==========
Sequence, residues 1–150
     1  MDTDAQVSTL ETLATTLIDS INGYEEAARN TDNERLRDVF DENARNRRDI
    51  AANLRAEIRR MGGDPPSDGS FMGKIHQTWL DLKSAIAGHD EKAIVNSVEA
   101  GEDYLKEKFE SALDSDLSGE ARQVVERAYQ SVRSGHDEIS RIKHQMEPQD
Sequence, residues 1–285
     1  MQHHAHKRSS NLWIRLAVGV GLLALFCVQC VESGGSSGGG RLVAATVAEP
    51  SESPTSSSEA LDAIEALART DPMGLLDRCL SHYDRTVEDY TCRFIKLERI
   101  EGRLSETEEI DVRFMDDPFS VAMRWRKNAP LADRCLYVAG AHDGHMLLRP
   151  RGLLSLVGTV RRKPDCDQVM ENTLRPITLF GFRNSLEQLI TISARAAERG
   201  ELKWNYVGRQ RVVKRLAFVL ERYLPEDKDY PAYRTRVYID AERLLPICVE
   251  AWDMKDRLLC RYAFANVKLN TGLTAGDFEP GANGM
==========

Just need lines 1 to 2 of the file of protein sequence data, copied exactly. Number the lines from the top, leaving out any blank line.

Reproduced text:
Sequence, residues 1–150
     1  MDTDAQVSTL ETLATTLIDS INGYEEAARN TDNERLRDVF DENARNRRDI